Too often the surgical removal of cancer or its elimination through chemo or radiotherapy isn't the end of the story, but where do the relapses come from? Part of the explanation may lay in what are known as cancer stem cells, which could be thought of as little seedlings that hide away in the body's tissues until they feel the time is right to return to action. A newly discovered molecule has raised hopes of cutting these crafty critters off at the source, with early experiments demonstrating how it can latch onto cancer stem cells and starve them of what they need to survive.
Cancer stem cells were first identified in the mid-1990s by researcher John Dick, who found that they could drive certain types of cancer as a result of their ability to evade existing treatments, which instead focused on killing fast-growing cancer cells. This discovery spawned a new branch of cancer research, which today is producing some very promising advances, such as nanoparticles engineered to seek them out and destroy them.
William Taylor, a biological scientist at the University of Toledo, likens cancer stem cells to dandelions living amongst a well-kept lawn.
"You could chop the plant off, but it will drop a seed," he says. "You know the seeds are there, but they're hiding. You pull one weed out and another comes up right after it. Cancers can be like this as well."
Taylor and his colleague Viranga Tillekeratne were actually investigating ways to improve existing chemotherapy drugs when they made their discovery. More specifically, they were working to develop new and improved versions of anti-cancer agents epothilone and Taxol, and when drilling down into their molecular structures unearthed some new possibilities.
"In this process we synthesized a molecule which killed selected cancer cell lines by a mechanism different from that of epothilone and Taxol," Tillekeratne tells New Atlas. "Further simplification of structure resulted in the identification of these small molecules with the reported anticancer activity."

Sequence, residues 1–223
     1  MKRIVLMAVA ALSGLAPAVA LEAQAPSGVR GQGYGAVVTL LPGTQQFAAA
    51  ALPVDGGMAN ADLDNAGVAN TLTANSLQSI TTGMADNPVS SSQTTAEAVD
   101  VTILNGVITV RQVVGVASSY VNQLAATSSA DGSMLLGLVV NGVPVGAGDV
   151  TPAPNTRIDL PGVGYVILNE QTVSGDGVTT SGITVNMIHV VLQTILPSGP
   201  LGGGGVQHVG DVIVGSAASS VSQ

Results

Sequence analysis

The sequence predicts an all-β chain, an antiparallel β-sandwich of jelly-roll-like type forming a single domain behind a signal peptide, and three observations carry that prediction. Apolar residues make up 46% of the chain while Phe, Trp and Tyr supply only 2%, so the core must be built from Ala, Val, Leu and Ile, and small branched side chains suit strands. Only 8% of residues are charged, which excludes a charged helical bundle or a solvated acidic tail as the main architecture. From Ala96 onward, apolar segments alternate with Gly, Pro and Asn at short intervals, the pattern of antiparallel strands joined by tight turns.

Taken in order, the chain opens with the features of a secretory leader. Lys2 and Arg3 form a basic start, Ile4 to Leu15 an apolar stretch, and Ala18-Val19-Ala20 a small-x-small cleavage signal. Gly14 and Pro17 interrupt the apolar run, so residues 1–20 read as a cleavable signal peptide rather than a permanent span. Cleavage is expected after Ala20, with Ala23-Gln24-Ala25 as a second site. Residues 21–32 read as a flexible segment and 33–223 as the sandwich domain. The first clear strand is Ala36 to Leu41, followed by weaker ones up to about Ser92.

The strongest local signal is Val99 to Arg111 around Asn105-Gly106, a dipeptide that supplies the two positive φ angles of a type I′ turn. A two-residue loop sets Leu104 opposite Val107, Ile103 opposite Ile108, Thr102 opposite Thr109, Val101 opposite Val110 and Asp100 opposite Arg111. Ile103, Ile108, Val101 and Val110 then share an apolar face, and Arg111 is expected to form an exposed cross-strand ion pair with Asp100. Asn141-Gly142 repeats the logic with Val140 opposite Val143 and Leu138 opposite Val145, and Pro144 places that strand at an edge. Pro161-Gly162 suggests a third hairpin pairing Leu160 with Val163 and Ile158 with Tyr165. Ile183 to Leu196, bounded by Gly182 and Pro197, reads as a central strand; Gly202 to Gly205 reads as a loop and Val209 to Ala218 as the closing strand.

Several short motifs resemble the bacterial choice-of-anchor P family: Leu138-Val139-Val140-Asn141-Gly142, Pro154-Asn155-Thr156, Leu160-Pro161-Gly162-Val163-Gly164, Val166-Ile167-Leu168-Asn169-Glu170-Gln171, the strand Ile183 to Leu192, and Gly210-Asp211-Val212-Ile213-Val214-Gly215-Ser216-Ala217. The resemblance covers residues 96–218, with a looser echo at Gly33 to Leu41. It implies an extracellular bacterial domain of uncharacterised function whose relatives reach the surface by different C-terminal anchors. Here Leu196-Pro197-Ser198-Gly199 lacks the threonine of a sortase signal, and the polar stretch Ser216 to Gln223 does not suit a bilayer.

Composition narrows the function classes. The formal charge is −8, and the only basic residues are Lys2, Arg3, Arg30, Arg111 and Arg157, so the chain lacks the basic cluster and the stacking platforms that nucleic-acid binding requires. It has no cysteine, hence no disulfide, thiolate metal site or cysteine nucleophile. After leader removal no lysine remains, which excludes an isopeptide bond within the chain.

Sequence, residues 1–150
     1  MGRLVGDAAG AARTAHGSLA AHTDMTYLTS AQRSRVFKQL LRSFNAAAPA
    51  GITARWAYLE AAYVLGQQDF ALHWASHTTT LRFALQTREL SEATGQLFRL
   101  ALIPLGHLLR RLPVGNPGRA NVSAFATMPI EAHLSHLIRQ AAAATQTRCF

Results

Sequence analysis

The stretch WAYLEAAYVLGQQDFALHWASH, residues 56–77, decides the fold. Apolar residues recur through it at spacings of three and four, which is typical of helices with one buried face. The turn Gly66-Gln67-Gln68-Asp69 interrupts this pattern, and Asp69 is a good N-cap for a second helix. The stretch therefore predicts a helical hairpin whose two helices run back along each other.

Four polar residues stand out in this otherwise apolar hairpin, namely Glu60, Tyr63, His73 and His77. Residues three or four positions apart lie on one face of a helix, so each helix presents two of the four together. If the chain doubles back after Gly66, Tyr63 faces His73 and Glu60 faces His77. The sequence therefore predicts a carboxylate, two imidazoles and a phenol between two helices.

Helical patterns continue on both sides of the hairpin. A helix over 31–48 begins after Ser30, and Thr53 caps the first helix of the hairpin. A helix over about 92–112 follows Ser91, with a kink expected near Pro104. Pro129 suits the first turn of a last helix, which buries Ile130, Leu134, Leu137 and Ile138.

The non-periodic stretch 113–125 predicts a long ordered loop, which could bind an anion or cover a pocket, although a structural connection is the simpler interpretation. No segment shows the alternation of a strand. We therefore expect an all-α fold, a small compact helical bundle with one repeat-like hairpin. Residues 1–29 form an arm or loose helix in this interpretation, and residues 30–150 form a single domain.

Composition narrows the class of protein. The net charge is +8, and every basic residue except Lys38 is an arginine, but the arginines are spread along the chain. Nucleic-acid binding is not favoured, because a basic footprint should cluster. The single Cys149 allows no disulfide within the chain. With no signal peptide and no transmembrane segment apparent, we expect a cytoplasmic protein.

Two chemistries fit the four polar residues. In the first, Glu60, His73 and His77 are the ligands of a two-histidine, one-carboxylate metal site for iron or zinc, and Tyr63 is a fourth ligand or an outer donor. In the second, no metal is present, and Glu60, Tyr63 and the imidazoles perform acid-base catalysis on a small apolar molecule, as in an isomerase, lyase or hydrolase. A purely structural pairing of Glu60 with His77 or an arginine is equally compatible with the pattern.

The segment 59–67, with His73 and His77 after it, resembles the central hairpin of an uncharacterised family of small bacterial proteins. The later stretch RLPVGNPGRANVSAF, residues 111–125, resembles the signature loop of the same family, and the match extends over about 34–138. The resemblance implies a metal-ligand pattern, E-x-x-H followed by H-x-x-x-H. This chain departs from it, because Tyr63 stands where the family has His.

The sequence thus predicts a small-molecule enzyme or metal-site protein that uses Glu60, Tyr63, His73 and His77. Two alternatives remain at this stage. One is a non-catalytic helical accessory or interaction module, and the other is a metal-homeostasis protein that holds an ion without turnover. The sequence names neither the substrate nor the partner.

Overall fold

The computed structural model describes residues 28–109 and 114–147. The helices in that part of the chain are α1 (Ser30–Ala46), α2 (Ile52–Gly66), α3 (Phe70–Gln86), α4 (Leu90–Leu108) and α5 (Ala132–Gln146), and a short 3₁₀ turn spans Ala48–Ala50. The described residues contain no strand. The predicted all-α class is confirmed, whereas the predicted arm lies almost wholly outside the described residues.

Based on earlier evidence, the scientists already suspected that their newly uncovered molecules could pose a threat to cancer stem cells, so they devised some experiments to put these inklings to the test. This involved engineering cells to behave like aggressive breast cancer cells and cancer stem cells, and pitting them against the new molecules in cell cultures to see how they fared.
The cancer stem cells proved very sensitive to the molecules, and the researchers say this is because the molecules appear to latch onto them and prevent them absorbing a nutrient that is key to their survival, an amino acid called cystine. This in turn causes them to die off, which the scientists believe is due to the lack of cystine resulting in shortages of glutathione, a molecule in the cell that is key to maintaining its defenses.
"Blocking cystine causes a drop in glutathione and an increase in free radicals that damage cell membranes causing cell death," Taylor tells us.
As it stands there are no drugs that can kill cancer stem cells specifically, so this newly discovered molecule is cause for cautious optimism. Given its tendency to so selectively target cancer stem cells the team imagine it could one day be administered with other chemotherapy drugs for more effective treatments. But they have also had some early success testing it with sarcoma and some breast cancer cells, so using it as a standalone cancer therapy isn't out of the question either.
"To be clear we are at a very early stage in this research, which is not to say there is no promise, just that much work is still needed to develop our molecules as cancer drugs," says Taylor.
Tillekeratne will continue testing the effectiveness of the therapy through a three-year grant from the National Cancer Institute, while this current research has been published in the journal Scientific Reports.
Source: University of Toledo
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